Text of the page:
The fortunes of two bank-owned brokerages, BMO Nesbitt Burns Inc. and ScotiaMcLeod Inc. (both based in Toronto), took dramatic — and opposing — turns in this year’s Brokerage Report Card.

Nesbitt’s advisors rated their firm higher by half a point or more in 16 of 33 categories and rated their firm lower by that same margin in only two categories. In addition, the firm’s “IE rating,” which tallies the average of all of a company’s scores, also rose by half a point.

This positive trend follows a dismal showing in 2017, when advisor dissatisfaction with the firm came to a head, as they rated their firm lower by half a point or more in 21 of 31 categories – not including the “IE rating” and the “overall rating by advisors,” which dropped by that same margin last year.

“There was pretty much a palace revolt and the firm’s [executives] didn’t want to [listen to advisors], but they had to,” says a Nesbitt advisor in British Columbia.

Nesbitt advisors have seen a fair bit of change at their firm since last year’s Report Card was published, including the introduction of Andrew Auerbach as head of the brokerage. Auerbach took on the role of executive vice president and head, private client division, in February 2018, six months after Charyl Galpin left the firm to become chief regulatory officer, wealth management, with Bank of Montreal (Nesbitt’s parent).

Besides a change in management, some of the increases in Nesbitt’s year-over-year ratings point to a change in mood among the brokerage’s rank and file.

For example, Nesbitt’s advisors rated the “firm’s receptiveness to advisor feedback” at 6.6, up from 5.2 in 2017. Although advisors noted that there’s still much room for improvement, management appears to be doing a bit better at listening to their concerns.

“They’ve taken a lot of advisor criticism into account over the past year,” says a Nesbitt advisor in Atlantic Canada, “and they have made some changes [as a result].”

Nesbitt’s advisors also noticed an improvement in the “firm’s corporate culture,” which they rated at 6.4 this year, up a full point from 5.4 in 2017. In large part, advisors were happiest with the corporate culture at their branches.

“I can only speak about my branch, but it’s an interesting collection of young and more senior advisors. The young guys work together and the senior guys are there for support,” says a Nesbitt advisor in Ontario. “I can walk into any office and ask a question that will help me with my business.”

Yet, Nesbitt’s leadership still has work to do in building up the culture, as many advisors noted that tensions remain between them and the wider corporation.

“[Company management] has tried to change the firm and, in the process, they’ve diminished it,” says a Nesbitt advisor in B.C. “When you’ve lost the confidence of advisors and you’re losing advisors, I don’t see how that can sustain itself.”

For Auerbach, gaining back advisors’ confidence and easing that tension will come through ongoing two-way communication, both to share where the firm is going and to get advisors’ thoughts on the path Nesbitt is on.

“[Being] side by side as we set the strategy [and] direction is really important to the culture of this firm,” he says.

But as Nesbitt aims to move forward, ScotiaMcLeod took several steps backward, according to its advisors. ScotiaMcLeod’s ratings declined by half a point or more in 18 of 33 categories, as well as in the overall rating by advisors. Last year, advisors rated the firm lower by half a point or more in 17 of 31 categories, as well as in the IE rating and overall rating by advisors.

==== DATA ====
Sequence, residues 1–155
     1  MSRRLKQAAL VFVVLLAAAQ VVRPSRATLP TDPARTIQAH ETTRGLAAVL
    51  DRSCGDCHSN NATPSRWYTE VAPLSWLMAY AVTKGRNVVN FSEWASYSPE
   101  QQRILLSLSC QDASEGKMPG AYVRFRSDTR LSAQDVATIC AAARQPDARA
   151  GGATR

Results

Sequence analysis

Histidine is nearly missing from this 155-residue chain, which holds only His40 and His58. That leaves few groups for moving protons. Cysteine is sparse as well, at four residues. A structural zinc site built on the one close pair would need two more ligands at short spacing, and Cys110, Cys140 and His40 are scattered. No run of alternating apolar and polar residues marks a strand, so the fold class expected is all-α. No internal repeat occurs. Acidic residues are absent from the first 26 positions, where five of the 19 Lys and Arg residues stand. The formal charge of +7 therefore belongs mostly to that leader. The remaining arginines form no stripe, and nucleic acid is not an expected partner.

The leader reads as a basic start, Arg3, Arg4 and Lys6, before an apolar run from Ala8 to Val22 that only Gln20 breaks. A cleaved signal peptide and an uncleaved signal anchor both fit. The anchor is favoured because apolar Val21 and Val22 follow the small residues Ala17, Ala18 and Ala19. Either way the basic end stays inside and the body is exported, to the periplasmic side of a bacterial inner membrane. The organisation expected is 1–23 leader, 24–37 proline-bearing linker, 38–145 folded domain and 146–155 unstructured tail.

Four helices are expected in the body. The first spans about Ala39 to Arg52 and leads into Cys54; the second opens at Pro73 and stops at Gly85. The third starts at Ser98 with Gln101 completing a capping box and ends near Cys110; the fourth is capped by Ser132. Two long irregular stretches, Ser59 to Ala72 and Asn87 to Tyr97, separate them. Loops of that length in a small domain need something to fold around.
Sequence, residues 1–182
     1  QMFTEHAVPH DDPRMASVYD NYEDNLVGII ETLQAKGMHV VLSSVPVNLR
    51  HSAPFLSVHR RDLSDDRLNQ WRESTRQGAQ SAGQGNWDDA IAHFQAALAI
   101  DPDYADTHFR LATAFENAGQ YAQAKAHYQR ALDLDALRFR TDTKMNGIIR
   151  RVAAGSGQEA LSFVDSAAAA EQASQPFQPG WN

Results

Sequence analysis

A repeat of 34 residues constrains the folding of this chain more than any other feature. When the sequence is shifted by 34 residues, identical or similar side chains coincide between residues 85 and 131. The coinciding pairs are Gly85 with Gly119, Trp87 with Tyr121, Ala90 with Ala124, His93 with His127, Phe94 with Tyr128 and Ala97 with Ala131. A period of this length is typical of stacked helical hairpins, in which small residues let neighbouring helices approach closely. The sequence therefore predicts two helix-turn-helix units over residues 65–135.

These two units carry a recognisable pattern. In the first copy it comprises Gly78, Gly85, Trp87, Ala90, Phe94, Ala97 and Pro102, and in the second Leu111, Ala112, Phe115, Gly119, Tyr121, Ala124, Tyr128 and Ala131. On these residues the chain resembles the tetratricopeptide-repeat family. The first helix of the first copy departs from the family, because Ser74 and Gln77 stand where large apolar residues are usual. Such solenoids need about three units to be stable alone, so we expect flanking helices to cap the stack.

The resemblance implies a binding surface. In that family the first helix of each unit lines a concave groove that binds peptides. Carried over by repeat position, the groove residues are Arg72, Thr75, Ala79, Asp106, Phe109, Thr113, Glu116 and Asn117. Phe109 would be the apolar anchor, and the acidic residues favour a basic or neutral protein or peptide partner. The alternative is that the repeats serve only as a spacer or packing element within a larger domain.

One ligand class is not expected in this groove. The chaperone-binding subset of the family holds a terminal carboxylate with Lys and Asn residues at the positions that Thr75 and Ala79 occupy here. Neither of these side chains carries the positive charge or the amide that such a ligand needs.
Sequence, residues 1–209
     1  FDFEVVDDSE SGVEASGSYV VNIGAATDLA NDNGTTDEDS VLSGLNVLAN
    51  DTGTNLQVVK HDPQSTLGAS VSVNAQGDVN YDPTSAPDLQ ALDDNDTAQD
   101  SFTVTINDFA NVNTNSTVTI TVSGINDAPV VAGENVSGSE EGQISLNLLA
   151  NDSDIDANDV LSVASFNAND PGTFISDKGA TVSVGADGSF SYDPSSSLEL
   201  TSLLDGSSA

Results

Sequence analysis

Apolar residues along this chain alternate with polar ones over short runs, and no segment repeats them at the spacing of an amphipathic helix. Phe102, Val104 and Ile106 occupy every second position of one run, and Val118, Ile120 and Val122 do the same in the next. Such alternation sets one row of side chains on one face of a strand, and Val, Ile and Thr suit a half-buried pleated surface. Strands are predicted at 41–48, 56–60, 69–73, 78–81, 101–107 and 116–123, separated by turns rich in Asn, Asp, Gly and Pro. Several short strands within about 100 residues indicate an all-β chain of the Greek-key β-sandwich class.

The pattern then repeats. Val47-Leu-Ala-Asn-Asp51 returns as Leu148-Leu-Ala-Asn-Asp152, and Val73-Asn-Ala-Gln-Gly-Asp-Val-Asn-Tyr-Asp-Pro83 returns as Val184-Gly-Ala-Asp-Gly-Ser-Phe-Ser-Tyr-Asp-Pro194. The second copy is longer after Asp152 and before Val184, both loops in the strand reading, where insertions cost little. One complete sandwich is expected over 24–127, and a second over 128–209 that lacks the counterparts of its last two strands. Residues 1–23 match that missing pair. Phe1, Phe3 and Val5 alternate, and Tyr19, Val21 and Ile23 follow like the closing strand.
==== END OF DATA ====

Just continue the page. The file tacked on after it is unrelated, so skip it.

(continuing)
Notably, ScotiaMcLeod advisors expressed frustration that management simply doesn’t seem to be listening to their concerns. On that note, the firm’s rating for “firm’s receptiveness to advisor feedback” dropped by half a point or more for the third consecutive year, to 5.8 from 6.4 in 2017, 7.4 in 2016 and 7.9 in 2015.

ScotiaMcLeod advisors were quick to point out there are many ways they can share their thoughts with management, including an advisory council. However, the issue is that advisors believe their words fall on deaf ears.

“[Management] listens beautifully, but don’t do anything,” says a ScotiaMcLeod advisor in B.C.

Communicating what the firm has done in response to feedback, as well as continuing to discuss its direction, are ongoing tasks that can be done in a variety of forms, from conference calls and emails to one-on-one conversations, says Rob Djurfeldt, managing director and head of ScotiaMcLeod. This communication is something that Djurfeldt is always looking to improve upon, he says.

“[When] I’m travelling across the country,” he says, “the questions I often ask advisors are: ‘How do you want to hear from us? How can we better communicate?'”

One thing Djurfeldt had to discuss with advisors is the firm’s decision to lay off 7% of ScotiaMcLeod’s advisor and support staff in 2016 – something that continues to rankle with many survey participants. For example, ScotiaMcLeod advisors once again rated the “firm’s ethics” significantly lower this year, at 7.8, down from 8.6 in 2017, in part because of the downsizing.

“Two years ago, [management] sold [some] advisors’ books to other advisors without telling [the first group of advisors] – then fired those advisors,” says a ScotiaMcLeod advisor in Ontario.

Djurfeldt says the firm con- tinues to talk with advisors about the firm’s direction. Although advisors weren’t happy at the time of the layoffs, many now understand why such decisions were made.

Still, as Djurfeldt acknowledges, “It didn’t make it any easier to say goodbye to friends.”